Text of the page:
American Paint Horses
are highly valued for their color and markings, but also a favorite for their
unique refinement and intelligence. They have long been used in performance
competitions as a show horse.
American Paint Horses
comes in various colors, including bay, chestnut, black, palomino, gray,
buckskin, and blue roan. Plus they have distinctive white markings. The marks
vary in size but the patterns are standard. The two predominant coat patterns
of Paint Horses, the overo and tobiano, are distinguished by the position of
the white coloring on the body.
(Spanish, for “like
an egg”) patterned horses have white spots extending across their back between
the withers and the tail. Typically, all four legs are dark-colored, but in
order to be considered, at least one leg should be dark in color. Scattered and
irregular white markings also appear all over the body.
have a solid-colored head with a white spot at front, which can be of various
shapes (e.g., blaze, star, etc). Their legs are white, with an appearance of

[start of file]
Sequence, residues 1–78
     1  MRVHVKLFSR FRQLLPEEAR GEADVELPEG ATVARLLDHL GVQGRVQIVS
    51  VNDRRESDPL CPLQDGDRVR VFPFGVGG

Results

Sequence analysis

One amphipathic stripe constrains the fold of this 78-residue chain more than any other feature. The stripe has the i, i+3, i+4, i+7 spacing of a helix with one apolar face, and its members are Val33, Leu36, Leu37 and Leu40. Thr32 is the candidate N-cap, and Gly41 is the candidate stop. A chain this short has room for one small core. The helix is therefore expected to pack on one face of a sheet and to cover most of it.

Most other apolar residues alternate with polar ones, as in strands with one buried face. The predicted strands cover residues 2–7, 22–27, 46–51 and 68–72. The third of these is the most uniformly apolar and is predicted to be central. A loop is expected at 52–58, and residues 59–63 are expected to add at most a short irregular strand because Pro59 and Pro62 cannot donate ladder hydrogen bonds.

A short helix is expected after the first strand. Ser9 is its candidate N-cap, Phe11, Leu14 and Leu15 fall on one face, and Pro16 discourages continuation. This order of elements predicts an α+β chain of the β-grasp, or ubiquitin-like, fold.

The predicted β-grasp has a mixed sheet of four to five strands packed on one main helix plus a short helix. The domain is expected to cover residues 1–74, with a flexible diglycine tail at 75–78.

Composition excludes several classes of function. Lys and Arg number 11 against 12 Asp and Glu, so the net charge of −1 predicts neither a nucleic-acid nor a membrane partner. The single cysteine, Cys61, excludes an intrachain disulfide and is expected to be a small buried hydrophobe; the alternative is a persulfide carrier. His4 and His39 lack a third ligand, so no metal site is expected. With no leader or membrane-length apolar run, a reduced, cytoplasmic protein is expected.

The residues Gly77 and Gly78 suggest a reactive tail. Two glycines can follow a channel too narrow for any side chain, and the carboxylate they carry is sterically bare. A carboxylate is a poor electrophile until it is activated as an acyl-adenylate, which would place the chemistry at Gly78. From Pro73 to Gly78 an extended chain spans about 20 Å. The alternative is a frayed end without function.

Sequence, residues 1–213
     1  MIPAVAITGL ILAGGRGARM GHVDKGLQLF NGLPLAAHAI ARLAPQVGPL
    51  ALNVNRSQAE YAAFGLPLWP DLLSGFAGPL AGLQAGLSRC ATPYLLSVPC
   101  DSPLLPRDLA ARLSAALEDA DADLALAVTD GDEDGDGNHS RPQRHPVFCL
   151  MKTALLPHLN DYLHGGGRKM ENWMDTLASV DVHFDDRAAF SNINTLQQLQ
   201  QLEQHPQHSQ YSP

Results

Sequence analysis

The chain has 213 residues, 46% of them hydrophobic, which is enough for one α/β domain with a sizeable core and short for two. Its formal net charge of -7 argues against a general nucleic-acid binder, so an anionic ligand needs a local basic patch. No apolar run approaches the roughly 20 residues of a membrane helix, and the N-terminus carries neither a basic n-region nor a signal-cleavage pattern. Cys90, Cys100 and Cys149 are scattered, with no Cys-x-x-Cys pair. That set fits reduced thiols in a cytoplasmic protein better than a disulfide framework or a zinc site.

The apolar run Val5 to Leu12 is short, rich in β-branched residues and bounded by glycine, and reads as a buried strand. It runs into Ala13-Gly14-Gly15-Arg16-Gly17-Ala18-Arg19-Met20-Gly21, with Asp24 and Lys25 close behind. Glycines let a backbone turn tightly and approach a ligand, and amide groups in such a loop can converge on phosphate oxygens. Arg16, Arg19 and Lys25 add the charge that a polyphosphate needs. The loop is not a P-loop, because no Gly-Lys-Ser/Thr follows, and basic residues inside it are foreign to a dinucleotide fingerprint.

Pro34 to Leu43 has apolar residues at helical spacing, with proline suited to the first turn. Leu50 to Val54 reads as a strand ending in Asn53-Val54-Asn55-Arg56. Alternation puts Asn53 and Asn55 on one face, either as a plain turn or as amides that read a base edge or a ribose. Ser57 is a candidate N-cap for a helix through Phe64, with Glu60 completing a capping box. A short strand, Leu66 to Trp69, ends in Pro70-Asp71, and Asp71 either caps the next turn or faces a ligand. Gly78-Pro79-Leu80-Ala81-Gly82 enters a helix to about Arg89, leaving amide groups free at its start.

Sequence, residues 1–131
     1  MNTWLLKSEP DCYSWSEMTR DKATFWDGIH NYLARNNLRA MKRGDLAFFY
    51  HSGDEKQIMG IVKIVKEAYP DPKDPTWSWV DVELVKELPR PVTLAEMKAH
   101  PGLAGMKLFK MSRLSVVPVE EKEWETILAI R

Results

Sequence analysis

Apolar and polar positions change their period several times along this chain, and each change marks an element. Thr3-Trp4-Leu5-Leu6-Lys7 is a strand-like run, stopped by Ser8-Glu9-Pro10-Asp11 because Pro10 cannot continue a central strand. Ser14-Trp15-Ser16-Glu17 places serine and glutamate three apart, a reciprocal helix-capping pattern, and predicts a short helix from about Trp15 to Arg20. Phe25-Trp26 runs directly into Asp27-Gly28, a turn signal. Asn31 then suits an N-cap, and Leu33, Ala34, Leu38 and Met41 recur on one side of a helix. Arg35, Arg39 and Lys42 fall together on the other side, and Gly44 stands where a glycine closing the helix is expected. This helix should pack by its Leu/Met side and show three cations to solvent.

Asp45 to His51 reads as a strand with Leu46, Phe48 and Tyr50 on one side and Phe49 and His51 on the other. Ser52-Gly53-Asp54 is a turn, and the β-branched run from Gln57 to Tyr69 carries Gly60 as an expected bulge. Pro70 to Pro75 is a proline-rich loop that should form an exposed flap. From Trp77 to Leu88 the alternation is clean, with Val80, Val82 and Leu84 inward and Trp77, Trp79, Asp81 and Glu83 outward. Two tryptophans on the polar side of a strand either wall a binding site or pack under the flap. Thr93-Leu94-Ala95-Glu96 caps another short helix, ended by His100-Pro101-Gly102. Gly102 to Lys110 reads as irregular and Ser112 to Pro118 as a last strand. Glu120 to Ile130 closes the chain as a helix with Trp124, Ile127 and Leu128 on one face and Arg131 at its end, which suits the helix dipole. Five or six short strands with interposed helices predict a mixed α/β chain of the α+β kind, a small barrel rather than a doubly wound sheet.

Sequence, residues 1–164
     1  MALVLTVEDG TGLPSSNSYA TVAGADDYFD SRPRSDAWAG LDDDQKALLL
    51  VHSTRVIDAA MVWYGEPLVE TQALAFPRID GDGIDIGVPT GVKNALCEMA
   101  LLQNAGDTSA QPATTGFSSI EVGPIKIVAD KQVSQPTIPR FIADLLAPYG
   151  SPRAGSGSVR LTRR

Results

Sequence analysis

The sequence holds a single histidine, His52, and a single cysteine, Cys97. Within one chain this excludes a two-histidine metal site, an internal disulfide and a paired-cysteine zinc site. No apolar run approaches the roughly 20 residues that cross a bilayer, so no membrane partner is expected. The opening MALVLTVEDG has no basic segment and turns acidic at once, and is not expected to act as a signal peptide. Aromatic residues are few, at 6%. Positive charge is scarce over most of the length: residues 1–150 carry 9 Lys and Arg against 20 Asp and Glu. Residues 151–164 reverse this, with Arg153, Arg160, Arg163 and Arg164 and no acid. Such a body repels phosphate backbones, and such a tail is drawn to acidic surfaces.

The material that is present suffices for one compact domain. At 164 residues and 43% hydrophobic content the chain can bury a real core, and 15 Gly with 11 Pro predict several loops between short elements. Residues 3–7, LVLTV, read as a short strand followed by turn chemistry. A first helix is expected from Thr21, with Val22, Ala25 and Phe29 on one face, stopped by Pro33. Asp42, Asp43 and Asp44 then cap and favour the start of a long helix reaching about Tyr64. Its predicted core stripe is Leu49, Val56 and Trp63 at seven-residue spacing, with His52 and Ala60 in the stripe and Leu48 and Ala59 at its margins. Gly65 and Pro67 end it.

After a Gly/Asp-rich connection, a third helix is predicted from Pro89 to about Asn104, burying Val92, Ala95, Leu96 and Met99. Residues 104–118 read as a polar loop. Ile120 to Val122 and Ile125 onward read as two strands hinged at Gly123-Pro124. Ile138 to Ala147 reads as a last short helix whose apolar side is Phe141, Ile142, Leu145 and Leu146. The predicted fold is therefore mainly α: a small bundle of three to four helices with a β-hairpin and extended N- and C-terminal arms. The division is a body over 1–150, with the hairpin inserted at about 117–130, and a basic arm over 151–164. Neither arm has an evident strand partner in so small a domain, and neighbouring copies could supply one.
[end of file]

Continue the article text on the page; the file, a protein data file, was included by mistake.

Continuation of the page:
white stockings. Apart from these distinctive markings, the spots on the rest
of the horse’s body are in sharp contrast to the colored areas. These markings
are commonly found on the neck as well as the chest. Spotting may be oval or
round, and the amount of white varies as well. Some Tobiano
have a large amount of white, while others have so little white that they
appear not to be spotted at all. Tobiano horses
dark brown eyes and bicolored tails.
Around 500 A.D., during the invasion of the Roman
Empire, several barbaric tribes brought spotted Oriental horses from Eurasia to
Spain, where the spotted horses were interbred with the native horse stock. The
breed thrived in Spain, and began to resemble what is commonly referred to as
the standard Paint Horse markings. Records dating back to 700 A.D. show the
spotted horses that have the standard tobiano and overo patterns.
In 1519, the explorer
Hernando Cortes carried two horses described as having pinto markings on his
voyage. This is the first known description of such horses in America. By the
early 1800s, horses with Paint coloring were well-populated throughout the
West. Throughout the 1800s and into the late 1900s painted horses were called
pinto, paint, skewbald, and piebald. In the early 1960s, interest grew in
preserving and promoting horses with paint coloring and stock horse builds. In
1965 the American Paint Horse Association formed, and today, the American Paint
Horse is extremely popular in traditional stock-horse western events as well as
a variety of other riding disciplines.